Monday, June 25, 2018
Opinion

Conference calls: Breaking the code of silence

Everything you have always suspected about conference calls is true. The Harvard Business Review has a survey to prove it.

Dave was silently going to the bathroom. Marlene was definitely hiding in a closet. And those are just the ones who were willing to talk.

The good news is that you are not alone. The bad news is that they are on to us.

This was a prisoner's dilemma, but we failed to recognize it as such. If only we'd all said we were Working Twice As Hard. Then nothing would change.

But no.

If you look at the survey answers reported by the HBR, you can see the struggle. Let's break them down, ordered by the percentage of workers who reported them.

1. Other work

This is the No. 1 thing that people said they were doing during conference calls. These people were trying to keep the illusion of the conference call alive. "Sure, maybe I wasn't paying attention during the call," these people said. "But that was not because I was not dedicated. On the contrary, I was MULTITASKING." These are the people, in job interviews, who say that their greatest weakness is that they are "too dedicated" and that "all my friends describe me as a detail-oriented workaholic whose two favorite hobbies are grammar and reflecting well on the team."

2. Sending email

These people are also keeping up the illusion that the reason they are not paying attention during the conference call is because they are doing Other, Related Work. Good for them!

3. Eating or making food

This could be productive — who begrudges a remote worker a little snack? — but it is starting to get into dangerous territory.

4. Going to the restroom

Oh, come on! How is this so high on the list?

The only thing certain to ruin any conversation is the suspicion that the other person on the phone with you might secretly be using the facilities. Before the mute button, you could be relatively confident that, if you did not hear the sounds of muffled flushing, all was well. Now you can never be sure. But we could at least pretend. These answers have stripped our armor from us. You can't just admit it like this.

5. Texting

I'm surprised that people felt the need to mention this. Texting is like breathing, at this point - something that is always going on in the background of everything, regardless of the situation.

6. Checking social media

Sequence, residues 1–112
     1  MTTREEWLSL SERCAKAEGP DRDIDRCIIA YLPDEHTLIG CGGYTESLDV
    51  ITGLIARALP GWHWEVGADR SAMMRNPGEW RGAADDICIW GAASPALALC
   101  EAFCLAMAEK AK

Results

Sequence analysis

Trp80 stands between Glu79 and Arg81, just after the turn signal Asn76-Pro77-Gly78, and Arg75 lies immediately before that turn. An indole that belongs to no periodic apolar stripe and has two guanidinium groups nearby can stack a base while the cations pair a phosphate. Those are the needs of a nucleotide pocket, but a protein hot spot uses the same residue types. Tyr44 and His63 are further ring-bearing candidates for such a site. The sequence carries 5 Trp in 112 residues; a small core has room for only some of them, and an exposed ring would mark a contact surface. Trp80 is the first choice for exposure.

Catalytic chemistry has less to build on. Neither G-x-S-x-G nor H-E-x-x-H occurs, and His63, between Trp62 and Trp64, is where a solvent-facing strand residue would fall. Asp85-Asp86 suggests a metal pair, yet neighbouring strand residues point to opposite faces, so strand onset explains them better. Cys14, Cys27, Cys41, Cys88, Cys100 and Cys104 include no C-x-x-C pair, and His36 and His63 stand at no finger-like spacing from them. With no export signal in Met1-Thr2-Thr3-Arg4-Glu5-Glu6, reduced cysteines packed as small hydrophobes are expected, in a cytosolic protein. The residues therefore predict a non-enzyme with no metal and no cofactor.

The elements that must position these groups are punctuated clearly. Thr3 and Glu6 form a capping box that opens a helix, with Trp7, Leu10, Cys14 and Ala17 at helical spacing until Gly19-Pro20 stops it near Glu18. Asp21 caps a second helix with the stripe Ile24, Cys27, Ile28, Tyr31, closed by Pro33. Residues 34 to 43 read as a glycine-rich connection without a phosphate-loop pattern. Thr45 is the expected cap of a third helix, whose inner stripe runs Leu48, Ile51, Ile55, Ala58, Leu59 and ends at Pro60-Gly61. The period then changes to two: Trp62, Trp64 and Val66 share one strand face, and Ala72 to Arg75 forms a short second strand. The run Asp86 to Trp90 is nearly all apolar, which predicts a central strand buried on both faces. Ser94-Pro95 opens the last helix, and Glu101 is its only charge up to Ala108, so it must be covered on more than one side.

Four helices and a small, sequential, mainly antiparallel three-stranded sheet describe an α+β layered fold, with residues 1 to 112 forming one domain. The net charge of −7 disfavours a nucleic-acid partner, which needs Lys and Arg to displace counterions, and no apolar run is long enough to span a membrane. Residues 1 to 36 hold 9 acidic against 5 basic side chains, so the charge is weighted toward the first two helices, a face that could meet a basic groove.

See "Texting."

7. Playing video games

How are more people willing to admit to "going to the restroom" than "playing video games"? I guess video games are a little more taxing on your attention, since there might be orcs, but you haven't seen some of the restrooms I've been to.

8. Online shopping

This is just a contemporary form of doodling.

9. Exercising

There is a reason this is so low on the list. This is less an admission than a humblebrag. "Yeah, sorry," this says. "If I was a tad distracted, it was by my massive glutes and quads." Exercising during a conference call actually makes you look better than before. You are that guy who is always yelling from the treadmill in movies. You are one of those High-Powered Businesswomen of the 1980s with Determination and Shoulder Pads. You are, largely, fictional.

10. Taking another phone call

Again, how are more people willing to admit to using the restroom than to doing this? I guess this is the cardinal sin: cheating on the first call with a second, more pressing call.

I understand that, by and large, restrooms are places where we go to check our phones. This is just a truth of modern life. If you are in the middle of a date and the conversation is less riveting than you hoped, it sounds wrong to say, "Well, I'd like to go stand in a tiled room and check Twitter," so instead you pretend you're having an emergency.

But I guess a larger question is: What else did they imagine was happening?

People are now suggesting that the way around this is to do video calls all the time. Great. This is why you should never tell the truth to people surveying your habits. — Washington Post

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